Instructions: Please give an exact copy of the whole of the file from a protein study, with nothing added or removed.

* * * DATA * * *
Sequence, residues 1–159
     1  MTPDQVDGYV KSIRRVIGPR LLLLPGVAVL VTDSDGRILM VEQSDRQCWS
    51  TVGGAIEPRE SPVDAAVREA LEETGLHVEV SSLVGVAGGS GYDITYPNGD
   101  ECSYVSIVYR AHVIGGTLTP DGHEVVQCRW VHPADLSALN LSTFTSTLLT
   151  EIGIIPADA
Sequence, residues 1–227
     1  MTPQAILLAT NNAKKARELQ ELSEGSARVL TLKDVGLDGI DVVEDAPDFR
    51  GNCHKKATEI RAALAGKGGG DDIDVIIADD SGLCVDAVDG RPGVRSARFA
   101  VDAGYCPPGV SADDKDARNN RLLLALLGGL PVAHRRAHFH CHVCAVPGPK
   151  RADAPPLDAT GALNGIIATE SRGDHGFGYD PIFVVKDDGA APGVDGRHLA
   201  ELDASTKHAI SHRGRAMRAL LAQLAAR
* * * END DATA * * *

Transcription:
Sequence, residues 1–159
     1  MTPDQVDGYV KSIRRVIGPR LLLLPGVAVL VTDSDGRILM VEQSDRQCWS
    51  TVGGAIEPRE SPVDAAVREA LEETGLHVEV SSLVGVAGGS GYDITYPNGD
   101  ECSYVSIVYR AHVIGGTLTP DGHEVVQCRW VHPADLSALN LSTFTSTLLT
   151  EIGIIPADA
Sequence, residues 1–227
     1  MTPQAILLAT NNAKKARELQ ELSEGSARVL TLKDVGLDGI DVVEDAPDFR
    51  GNCHKKATEI RAALAGKGGG DDIDVIIADD SGLCVDAVDG RPGVRSARFA
   101  VDAGYCPPGV SADDKDARNN RLLLALLGGL PVAHRRAHFH CHVCAVPGPK
   151  RADAPPLDAT GALNGIIATE SRGDHGFGYD PIFVVKDDGA APGVDGRHLA
   201  ELDASTKHAI SHRGRAMRAL LAQLAAR